Paging Dr. Frischer...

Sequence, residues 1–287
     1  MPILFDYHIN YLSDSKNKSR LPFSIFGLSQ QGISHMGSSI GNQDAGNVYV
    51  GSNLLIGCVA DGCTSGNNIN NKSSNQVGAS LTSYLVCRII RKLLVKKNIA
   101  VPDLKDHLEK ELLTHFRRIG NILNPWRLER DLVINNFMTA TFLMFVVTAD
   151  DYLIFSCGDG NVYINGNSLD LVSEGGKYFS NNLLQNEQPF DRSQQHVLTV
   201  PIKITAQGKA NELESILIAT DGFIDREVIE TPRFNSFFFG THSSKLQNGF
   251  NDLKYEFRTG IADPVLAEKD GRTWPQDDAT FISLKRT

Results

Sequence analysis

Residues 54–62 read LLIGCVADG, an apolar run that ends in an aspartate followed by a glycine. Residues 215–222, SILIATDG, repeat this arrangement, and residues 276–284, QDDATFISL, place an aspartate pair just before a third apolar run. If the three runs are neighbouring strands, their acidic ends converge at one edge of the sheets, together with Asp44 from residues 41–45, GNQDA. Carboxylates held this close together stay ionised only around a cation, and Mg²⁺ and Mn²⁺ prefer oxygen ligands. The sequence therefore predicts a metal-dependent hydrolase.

DOWNEY - It is once again time to attack (I mean…discuss) fast food. Even as I counsel my patients as to how they can find healthful food even at a fast food restaurant, I am astounded at how just plain awful some of the menu choices can be.Let's begin with some nutritional target goals. For simplicity, we'll assume that we need 2,200 calories per day, a reasonable target for an "average" adult. • We all need some fat in our diet. Ideally, approximately 20% of our calories should come from fat, so 20% of our goal of 2,200 daily calories means that 440 calories should come from fat. Since each gram of fat has 9 calories, we should eat no more than 49 grams of fat each day. Less then half of that should be saturated (as is the fat in a hamburger, cheese, mayonnaise, and other common components of fast food). • The target for protein is around 20%. Typically, this is not difficult to reach. • It's also necessary to have sodium in our diet. For our "average" adult, let's target about 2,500 mg each day maximum. (A brief reminder: too much salt can raise the blood pressure, put some people into congestive heart failure, and give many others swelling throughout their body and especially in the legs.) • Sugar, a refined simple carbohydrate, has no nutritional value, and ideally none of our calories should come from it. A perfect goal would be to eat only complex carbohydrates. Nevertheless, sugar surrounds us, is very difficult to avoid (read those labels!) and very few of us choose to steer clear of it completely. The World Health Organization suggests that a maximum of 10% of our total calories be sweeteners. 10% of our 2,200 daily calorie goal is 220 calories, and at 4 calories per gram, that results in a limit of 55 grams of simple carbs each day. With fats representing 20% of the calories in our diet, protein representing another 20%, and simple carbs (sugar) representing a maximum of 10%, the remaining 50-60% should be complex carbohydrates, such as fruits, vegetables, and whole grains. Now, let's examine some common fast foods! • I have recommended that patients go to Quizno's for the low fat items on the menu, but I would hate to discover that they ended up ordering the "Tuna Melt" (regular). It has 1,420 calories, 118 grams of fat, and 1,535 grams of sodium. Note those targets, above. This single sandwich has more than double the fat and ¬æ of one day's calories. • Everyone loves In and Out Burger. If you order a hamburger with onions, tomatoes, and lettuce you will consume 650 mg of sodium, 19 grams of fat and 390 calories. It may not be considered health food, but it's not too far out of the target range for a meal. Now, add some french fries, along with their 245 mg of sodium, 27 grams of fat and 400 calories. If you are brave enough to order a hamburger, fries and a shake, you will consume 1,245 grams of sodium, 101 grams of fat, and 1,480 calories, and your pretty decent fast food choice has turned into a nightmare. • I have also referred people to Subway for reasonable fast food items. They offer eight six-inch sandwiches that have 6 grams of fat or less, 370 calories or less, and 1,260 mg of sodium or less. However, if we chose the "Sweet Onion Chicken Tempura" sandwich, we would end up consuming 2,400 grams of sodium (our target is 2,500 for the day) and 750 calories. • I like El Pollo Loco for fast food. They promote their "Pollo Bowls" as a healthy alternative. These offer 543 calories and 10 grams of fat, but 2,159 mg of sodium (nearly an entire day's target amount). Compare these to their "Chicken Tostada Salad" at 990 calories, 52 grams of fat (your full day's amount) and 1,755 mg of sodium. • Many of McDonald's salads will run around 300 calories, under 10 grams of fat and under 900 mg sodium. As another nutritious alternative, try their "Fruit 'n Yogurt Parfait" at 160 calories, 2 grams of fat and 85 mg of sodium. On the other hand, how about their "Deluxe Breakfast" (without syrup and margarine)? It has 1,140 calories, 59 grams of fat, and 2,250 grams of sodium, nicely covering your dietary needs for fat and sodium for the entire day. At least it's not the "Chocolate Triple Thick Shake" (32 ounces), with 1,160 calories, 27 grams of fat and 510 mg sodium. That's half your daily fat and caloric requirements in just your drink for one meal! • Outback Steakhouse prepares a "Steakhouse Aussie Cheese Fries with Ranch Dressing". This is a french fries appetizer…with 2,900 calories and 182 grams of fat, more than a day's calories and three day's fat - before the meal? • Domino's "Deep Dish Extravaganza" (two large slices) contains 860 calories, 46 grams of fat, and 2,260 grams of sodium. You've got the hang of these calculations by now: that's enough fat and sodium for the day. • We all know people who visit Starbucks (or their favorite coffee house) daily. If you try their "Peppermint White Chocolate Mocha with whip" (medium size) at 560 calories, 22 grams of fat and only 240 mg sodium, then your daily Starbuck's run ends up costing you a quarter of your desired calories and half of your desired fat (and saturated, at that!). We won't discuss here the dollar cost for this treat. (Does anybody out there still drink black coffee or tea?) • Fast food restaurants make a huge portion of their profits on the sale of soda. A 12-ounce serving (equal to a can) contains between 22 to 32 grams of sugar. Drinking two cans of soda will meet that 55 gram daily maximum target for sugar, all in liquid form. (Note that teenagers drink "on average" 1.4 cans per day!) • Let's wrap up with an indulgence that will neatly take care of roughly 100% of your goal for calories and sodium, and 200% of your goal for fat (saturated, naturally), all in one. Now, that's convenience. We would all expect a Baskin Robbins shake to be loaded with fat and calories, but could you have guessed just how much? Their "Heath Shake" (large) has 2,310 calories, 108 grams of fat, and 1,560 grams of sodium! So what does this all mean? The typical American eats fast food every four days on average, which makes it quite difficult to achieve our goals to limit sodium, sugar, and fat. Making one poor selection from a fast food menu will put us near or over at least one of our targets before we even eat a whole meal, much less satisfy our hunger for the rest of the day. Every fast food restaurant offers an enormous variety of food with just as enormous a range of nutritional content. Nutrition information is readily available on restaurant websites, and increasingly available at the fast food restaurant itself. I strongly advise you to research what you are eating, read labels, and be knowledgeable about the calories and fat, sodium and sugar grams in common foods. It is just too easy to go way over reasonable goals and never even know it. I wish you healthful and SMART eating! Dr. Alan Frischer is former chief of staff and current chief of medicine at Downey Regional Medical Center. Write to him in care of this newspaper at 8301 E. Florence Ave., Suite 100, Downey, CA 90240. ********** Published: February 13, 2009 - Volume 7 - Issue 43